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I need to measure different devices power consumption in Linux. So I plan to measure the power consumption difference when the devices are on and off. But I don't know where to start?

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Which version of embedded linux are you using, what devices do you want to turn on / off ? – stdcall May 9 '13 at 4:50
    
Such as backlight, GPU ... as those listed in powertop. My question is not embedded linux specific, however, I think embedded system developer might know. – Kevin Q May 9 '13 at 5:53

Well, turning off devices might not be feasible only if you're sure about that you're not using that device. There are tools which can help you to find which application is consuming more power (https://01.org/powertop/) but, I'm not sure whether there's any tools for devices. powertop can help you to identify which app is consuming much power and can help you find out what to do. Hope it'll help!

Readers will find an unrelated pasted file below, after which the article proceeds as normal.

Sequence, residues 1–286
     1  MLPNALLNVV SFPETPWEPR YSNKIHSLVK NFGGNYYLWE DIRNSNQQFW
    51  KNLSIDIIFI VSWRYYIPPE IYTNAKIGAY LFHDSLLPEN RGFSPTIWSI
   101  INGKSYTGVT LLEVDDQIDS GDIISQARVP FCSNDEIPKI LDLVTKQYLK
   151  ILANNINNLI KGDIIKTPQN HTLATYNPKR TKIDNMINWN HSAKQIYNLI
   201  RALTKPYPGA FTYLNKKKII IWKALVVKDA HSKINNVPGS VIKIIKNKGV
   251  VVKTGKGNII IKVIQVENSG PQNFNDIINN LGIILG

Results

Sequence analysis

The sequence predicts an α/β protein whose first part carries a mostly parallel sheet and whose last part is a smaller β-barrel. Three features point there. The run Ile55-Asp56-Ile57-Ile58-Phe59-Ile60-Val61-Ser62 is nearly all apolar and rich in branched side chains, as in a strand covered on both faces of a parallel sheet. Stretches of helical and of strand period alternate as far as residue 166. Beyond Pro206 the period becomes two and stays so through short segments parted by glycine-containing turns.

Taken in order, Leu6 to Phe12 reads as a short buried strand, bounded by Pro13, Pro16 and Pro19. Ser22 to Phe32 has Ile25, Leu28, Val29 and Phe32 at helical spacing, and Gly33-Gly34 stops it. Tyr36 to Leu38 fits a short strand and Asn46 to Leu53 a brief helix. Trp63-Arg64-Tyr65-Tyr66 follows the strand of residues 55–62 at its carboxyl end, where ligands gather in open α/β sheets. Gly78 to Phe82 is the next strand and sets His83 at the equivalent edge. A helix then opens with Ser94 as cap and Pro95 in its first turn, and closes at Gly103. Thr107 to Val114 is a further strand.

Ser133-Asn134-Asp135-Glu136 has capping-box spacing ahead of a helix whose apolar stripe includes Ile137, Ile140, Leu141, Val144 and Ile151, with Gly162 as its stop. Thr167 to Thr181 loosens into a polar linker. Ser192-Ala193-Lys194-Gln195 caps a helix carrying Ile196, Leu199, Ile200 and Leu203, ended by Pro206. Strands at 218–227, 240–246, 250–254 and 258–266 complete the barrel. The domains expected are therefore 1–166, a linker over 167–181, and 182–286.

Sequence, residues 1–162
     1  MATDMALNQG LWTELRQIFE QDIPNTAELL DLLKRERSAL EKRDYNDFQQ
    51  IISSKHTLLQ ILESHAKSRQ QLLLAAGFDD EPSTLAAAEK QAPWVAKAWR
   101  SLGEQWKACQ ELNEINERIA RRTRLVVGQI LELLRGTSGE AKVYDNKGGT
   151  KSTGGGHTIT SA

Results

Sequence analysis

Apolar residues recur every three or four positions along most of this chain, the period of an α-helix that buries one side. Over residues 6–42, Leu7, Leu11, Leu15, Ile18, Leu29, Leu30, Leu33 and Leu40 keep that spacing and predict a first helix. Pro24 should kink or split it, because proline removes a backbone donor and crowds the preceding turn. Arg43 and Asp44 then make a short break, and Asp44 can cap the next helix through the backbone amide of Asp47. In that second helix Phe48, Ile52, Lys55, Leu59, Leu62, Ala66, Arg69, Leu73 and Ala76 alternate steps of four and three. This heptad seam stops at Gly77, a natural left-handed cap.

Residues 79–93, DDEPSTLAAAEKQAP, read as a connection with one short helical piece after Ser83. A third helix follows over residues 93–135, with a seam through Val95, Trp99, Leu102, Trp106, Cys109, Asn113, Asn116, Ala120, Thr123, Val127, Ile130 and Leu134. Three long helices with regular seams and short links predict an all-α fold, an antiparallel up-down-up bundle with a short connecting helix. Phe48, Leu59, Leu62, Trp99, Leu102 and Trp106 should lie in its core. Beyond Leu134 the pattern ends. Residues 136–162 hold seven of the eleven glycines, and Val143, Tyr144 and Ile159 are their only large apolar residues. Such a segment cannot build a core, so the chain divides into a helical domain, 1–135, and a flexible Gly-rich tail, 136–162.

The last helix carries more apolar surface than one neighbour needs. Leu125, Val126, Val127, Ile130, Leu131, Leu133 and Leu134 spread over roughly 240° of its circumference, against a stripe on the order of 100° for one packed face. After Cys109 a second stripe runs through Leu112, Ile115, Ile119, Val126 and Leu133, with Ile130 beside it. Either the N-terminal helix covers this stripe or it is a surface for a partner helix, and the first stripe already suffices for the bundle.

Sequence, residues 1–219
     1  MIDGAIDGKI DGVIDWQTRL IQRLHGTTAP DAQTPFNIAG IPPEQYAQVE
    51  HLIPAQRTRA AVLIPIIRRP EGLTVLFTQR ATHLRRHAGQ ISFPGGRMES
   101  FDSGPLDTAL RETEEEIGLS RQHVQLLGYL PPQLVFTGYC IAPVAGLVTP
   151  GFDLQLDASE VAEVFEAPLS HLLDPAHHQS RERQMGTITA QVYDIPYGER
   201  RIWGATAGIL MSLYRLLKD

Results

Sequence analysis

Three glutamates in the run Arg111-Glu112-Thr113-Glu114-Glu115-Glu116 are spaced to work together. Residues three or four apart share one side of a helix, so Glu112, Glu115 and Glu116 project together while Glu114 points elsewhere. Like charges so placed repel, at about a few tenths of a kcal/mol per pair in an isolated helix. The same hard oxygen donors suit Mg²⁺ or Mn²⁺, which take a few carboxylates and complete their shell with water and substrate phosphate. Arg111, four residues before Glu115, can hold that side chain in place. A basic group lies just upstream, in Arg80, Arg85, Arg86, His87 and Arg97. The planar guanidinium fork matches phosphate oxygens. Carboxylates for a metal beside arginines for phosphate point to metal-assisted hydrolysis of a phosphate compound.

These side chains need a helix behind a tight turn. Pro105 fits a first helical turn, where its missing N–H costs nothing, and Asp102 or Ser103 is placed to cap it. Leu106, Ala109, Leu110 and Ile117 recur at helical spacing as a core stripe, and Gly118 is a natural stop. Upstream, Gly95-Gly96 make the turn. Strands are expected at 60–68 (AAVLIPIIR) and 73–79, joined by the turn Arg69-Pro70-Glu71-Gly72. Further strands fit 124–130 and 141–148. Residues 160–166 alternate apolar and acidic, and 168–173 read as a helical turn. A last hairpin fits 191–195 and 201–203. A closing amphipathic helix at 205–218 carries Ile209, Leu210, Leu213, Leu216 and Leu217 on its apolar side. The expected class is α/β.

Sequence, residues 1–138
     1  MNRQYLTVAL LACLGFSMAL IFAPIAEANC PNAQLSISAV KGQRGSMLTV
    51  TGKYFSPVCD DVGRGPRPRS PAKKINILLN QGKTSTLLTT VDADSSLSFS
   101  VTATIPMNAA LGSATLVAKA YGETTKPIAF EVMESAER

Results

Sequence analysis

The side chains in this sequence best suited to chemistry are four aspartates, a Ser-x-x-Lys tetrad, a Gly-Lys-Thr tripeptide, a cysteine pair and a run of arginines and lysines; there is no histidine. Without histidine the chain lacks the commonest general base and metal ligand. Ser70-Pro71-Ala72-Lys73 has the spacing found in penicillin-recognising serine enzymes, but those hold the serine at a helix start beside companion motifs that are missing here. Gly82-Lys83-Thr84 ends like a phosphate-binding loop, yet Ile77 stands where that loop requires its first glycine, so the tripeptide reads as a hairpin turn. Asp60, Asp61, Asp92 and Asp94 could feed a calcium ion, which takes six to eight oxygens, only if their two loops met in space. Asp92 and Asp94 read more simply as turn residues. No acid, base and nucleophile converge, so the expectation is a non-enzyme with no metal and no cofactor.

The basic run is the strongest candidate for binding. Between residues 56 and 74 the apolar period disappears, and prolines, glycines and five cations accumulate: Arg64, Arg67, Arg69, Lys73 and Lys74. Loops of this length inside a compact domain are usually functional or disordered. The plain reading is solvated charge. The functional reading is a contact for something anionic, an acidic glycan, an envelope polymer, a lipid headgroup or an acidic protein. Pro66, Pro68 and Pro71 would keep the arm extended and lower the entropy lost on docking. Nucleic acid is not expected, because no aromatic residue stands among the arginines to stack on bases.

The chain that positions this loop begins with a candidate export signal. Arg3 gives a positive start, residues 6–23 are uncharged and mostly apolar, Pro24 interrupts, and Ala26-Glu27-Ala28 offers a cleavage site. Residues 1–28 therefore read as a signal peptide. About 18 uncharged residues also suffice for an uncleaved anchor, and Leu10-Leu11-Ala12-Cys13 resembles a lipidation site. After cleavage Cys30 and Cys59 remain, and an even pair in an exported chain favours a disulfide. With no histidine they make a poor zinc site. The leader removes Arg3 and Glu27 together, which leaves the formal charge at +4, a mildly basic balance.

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Then what do you suggest to measure power consumption to do the measurement? This article shows some researcher uses the same approach. What's your argument that it's not feasible. Powertop does estimate power consumption for different devices, though. But I couldn't figure out its mechanism. – Kevin Q May 9 '13 at 15:13
    
Well, here's some slight misunderstanding, by turning devices off, I thought you meant, you want to unload the device module. Sorry, about the confusion. Now, lets turn our focus into how powertop works, firstly I'm not a geek in this area, I'm sharing AFAIU, every driver export various information through /sys directory including power related info, for ex. cpu power related various info could be found on /sys/devices/system/cpu/cpu0/cpufreq/, it's same for every devices. All you need to do is get the current status of the device and check whether it's good for powersaving or not. – rakib May 9 '13 at 17:43
    
If not get the difference. You can also measure various info from /proc directory, like no. of interrupt within few sec, also fetch info from process specific directory under /proc/pidno/ , get the schedstat how it was scheduled, is it context switching too much, if yes it's bad. What cpu governor you're using, check for scheduler tuning knobs for powersaving etc. In short, you need to know in advance that what is good for powersaving and what's current system state is. And sum up the difference. Hope this will give you some idea! :) – rakib May 9 '13 at 17:46

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